The official resistance to providing more resources for quality schooling in the government school system continues to be widespread. This is also why we have an elaborate caste system of schools of different qualities even in the government-run system. We are unwilling to shell out the money required to ensure that all children in the country get the kind of education that the children of our policymakers automatically receive.

Similarly, even when we want to improve health conditions and place a greater emphasis on public health services delivery, we want to do it on the cheap, without creating the necessary structures that would provide proper quality.

The National Rural Health Mission has a laughable budget for a country this size. It earlier sought to base its entire programme on unpaid female workers (the accredited social health activists, or ASHAs) who were effectively expected to donate their services; now these workers are being offered a pittance each month that is not even close to the minimum wage. When it comes to universal basic service provision, the tendency is inevitably to hold the purse strings tightly. We are then very surprised when the facilities are overcrowded, understaffed, without proper infrastructure or working requirements.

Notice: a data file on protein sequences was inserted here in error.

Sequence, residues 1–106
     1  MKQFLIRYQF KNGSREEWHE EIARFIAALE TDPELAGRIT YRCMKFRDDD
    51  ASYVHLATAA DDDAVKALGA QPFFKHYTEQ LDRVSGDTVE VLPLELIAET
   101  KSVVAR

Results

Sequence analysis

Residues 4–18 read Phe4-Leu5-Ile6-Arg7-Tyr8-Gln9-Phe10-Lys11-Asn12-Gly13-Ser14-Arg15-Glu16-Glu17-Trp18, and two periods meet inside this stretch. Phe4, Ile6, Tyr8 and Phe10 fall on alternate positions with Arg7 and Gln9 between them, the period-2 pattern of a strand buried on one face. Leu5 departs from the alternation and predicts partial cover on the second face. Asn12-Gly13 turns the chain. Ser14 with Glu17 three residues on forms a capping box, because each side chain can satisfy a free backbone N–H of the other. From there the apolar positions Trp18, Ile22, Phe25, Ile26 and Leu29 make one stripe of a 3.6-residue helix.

In this matter, there is a lot that the Indian government can learn from some of its smaller neighbours. Currently, our neighbours are outperforming us not only in T20 cricket but also in the far more important area of public service provision.

Within the South Asian region, the superior performance of Sri Lanka in terms of human development indicators is recognised, but the critical role played in this by public provision and government regulation is less advertised.

For example, universally accessible free health care is provided at a basic level in Sri Lanka, subsidised by progressive taxation measures, ensuring that the rich pay for out-of-pocket health expenses more than the poor. This is in fact the opposite to the system in the other countries in the region, such as India where inadequate and poor public provision forces even the poor to spend out-of-pocket for private health care and where private spending accounts for more than four-fifths of total health expenditure.

An even more startling contrast emerges in education. Private schools covering Classes I to IX have been banned in Sri Lanka for decades. Yet educational achievements, especially in school education, are the best in the region. User fees were also eliminated early on, yet Sri Lanka has managed to achieve and sustain universal elementary education. Currently, the government of Sri Lanka spends only 3 per cent of its gross domestic product on education, but it is benefiting from a legacy of higher spending in the 1950s and 1960s, which built up the basic educational infrastructure.